City officials discussed another $1 million with the council that is budgeted to support premium pay for those working in jobs directly tied to public health and safety. At the meeting, City Manager Greg Cliffton outlined recent retention struggles the city’s 911 dispatch unit is facing.

Federal Assistance Programs, Still Available to Those, Struggling Amid Pandemic. After the expiration of the federal eviction moratorium and COVID-related unemployment payments, several coronavirus rescue measures remain in place. . After the expiration of the federal eviction moratorium and COVID-related unemployment payments, several coronavirus rescue measures remain in place. . CNN reports that more support may be on the way, as Democrats on Capitol Hill weigh a 10-year, $3.5 trillion budget reconciliation bill. The passage of that bill would greatly expand the nation's safety net programs. Currently, those remaining programs include: . Child tax credit payments of up to $3,600 for tens of millions of American families. Roughly 90% of the $46 billion in federal emergency rent relief funds remains available as of August. . Payments on federal student loans have not been required since March 2020, and repayment is not set to resume until February of next year. Beginning in October, monthly food stamp benefits will increase 27% above pre-pandemic levels, the largest jump in the program's history. Beginning in October, monthly food stamp benefits will increase 27% above pre-pandemic levels, the largest jump in the program's history. Affordable Care Act enrollees now pay no more than 8.5% of their income toward coverage, down from nearly 10%. Congress has authorized over $190 billion to help America's schools reopen and stay open during the pandemic. Congress has authorized over $190 billion to help America's schools reopen and stay open during the pandemic. CNN reports that there are still billions of dollars left to be spent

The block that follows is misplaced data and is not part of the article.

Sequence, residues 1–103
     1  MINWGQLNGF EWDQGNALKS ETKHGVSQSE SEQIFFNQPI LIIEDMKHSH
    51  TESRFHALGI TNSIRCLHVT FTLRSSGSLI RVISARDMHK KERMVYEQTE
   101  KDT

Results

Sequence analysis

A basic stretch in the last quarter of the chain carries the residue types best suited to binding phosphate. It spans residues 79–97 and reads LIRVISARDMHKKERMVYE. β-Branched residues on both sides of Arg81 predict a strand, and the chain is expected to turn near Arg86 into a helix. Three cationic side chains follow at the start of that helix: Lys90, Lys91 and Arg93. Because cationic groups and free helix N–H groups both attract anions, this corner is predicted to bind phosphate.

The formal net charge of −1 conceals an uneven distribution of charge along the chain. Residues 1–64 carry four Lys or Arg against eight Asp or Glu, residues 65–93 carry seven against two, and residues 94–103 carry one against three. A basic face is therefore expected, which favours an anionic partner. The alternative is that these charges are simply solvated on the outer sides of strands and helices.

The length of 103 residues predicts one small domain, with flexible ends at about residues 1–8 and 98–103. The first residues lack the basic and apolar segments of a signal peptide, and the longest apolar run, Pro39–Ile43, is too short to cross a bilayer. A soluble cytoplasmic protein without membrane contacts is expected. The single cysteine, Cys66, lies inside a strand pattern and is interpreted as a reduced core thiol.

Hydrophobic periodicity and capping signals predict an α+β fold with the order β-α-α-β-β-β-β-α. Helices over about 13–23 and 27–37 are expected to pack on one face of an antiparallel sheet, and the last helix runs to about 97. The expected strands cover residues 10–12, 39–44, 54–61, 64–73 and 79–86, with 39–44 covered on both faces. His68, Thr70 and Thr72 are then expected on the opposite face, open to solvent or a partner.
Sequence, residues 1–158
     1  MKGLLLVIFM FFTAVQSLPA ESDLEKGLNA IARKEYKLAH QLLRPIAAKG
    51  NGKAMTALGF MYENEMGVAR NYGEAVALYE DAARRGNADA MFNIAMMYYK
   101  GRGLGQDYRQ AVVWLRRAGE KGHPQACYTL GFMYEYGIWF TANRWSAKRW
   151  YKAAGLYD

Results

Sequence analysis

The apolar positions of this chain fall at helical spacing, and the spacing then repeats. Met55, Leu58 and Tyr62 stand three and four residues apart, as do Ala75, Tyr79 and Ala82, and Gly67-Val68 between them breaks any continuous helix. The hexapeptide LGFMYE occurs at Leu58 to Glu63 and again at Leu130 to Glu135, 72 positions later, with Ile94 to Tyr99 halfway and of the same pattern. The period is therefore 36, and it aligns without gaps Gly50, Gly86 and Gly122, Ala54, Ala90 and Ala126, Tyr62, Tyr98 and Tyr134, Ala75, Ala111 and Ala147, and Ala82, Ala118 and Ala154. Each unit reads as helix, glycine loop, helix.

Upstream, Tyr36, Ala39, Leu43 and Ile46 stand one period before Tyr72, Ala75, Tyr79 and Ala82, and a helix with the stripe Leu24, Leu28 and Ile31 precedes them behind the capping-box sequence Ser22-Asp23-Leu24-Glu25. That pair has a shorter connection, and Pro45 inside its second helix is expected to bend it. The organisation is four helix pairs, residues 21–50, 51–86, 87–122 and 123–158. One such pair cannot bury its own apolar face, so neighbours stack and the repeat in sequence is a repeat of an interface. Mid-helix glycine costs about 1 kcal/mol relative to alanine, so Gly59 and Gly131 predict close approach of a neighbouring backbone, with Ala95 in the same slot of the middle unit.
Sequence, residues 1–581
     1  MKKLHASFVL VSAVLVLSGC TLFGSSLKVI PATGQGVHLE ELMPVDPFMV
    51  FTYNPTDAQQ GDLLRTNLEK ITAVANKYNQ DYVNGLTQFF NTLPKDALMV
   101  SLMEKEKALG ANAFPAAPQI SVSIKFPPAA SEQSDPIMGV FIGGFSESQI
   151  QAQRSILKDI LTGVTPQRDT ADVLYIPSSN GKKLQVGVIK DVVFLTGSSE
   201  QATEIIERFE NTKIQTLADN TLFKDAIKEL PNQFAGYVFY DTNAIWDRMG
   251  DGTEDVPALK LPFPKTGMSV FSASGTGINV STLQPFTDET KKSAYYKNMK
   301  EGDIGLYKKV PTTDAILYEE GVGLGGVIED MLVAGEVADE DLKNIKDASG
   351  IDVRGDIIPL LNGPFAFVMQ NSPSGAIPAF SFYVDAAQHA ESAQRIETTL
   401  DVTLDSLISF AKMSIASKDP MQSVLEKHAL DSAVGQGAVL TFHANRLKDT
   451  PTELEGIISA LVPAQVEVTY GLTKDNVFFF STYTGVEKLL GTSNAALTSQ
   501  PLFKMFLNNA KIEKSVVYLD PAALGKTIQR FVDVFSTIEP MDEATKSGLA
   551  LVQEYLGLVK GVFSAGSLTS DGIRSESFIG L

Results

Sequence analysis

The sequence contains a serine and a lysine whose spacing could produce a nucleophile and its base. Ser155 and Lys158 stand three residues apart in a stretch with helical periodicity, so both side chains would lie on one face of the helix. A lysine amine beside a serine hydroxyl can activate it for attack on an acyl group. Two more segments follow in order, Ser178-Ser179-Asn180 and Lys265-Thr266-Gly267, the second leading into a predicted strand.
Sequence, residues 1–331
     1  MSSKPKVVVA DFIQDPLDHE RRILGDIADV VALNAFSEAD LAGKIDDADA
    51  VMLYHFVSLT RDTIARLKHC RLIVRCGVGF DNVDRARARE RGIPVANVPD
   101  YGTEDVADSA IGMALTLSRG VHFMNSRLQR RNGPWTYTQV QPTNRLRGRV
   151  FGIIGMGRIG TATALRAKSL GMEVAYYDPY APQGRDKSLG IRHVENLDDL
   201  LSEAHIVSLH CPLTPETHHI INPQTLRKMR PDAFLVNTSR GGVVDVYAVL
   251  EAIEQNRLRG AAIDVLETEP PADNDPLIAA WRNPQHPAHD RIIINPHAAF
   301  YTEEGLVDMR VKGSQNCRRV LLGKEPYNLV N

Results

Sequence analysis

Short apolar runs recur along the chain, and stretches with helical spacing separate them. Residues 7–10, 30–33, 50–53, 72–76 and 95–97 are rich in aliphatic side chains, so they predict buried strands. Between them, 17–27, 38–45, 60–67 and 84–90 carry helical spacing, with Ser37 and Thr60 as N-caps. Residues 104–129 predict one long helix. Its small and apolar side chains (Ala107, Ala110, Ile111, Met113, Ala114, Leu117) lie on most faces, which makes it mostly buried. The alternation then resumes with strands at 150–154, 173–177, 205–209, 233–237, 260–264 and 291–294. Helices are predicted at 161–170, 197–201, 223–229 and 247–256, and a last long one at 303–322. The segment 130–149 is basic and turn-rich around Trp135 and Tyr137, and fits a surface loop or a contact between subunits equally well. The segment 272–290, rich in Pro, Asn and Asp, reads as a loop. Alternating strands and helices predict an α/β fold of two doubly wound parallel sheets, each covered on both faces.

“In addition, we seem to have about a 30 percent vacancy in our police department and we seem to be losing more than we are gaining,” Clifton said. “ All of these measures are being looked upon as temporary until we get our staffing levels somewhat back to where they can operate efficiently.”

Infrastructure improvements are something the city might look to use ARPA funding for as well. The budget outlines $1.5 million for improvements to the city’s water and wastewater systems, in addition to bolstering cyber security and bringing fiber internet projects.

After city council’s input Tuesday, the draft proposal for the ARPA funding is likely to return to the council with many changes and additional programs before it is approved.

Councilmembers suggested the addition of additional programs, such as food support.

“We’ll continue the conversation with the council and we will continue to refine and change the allocations as we go further into this next year,” Tadder said.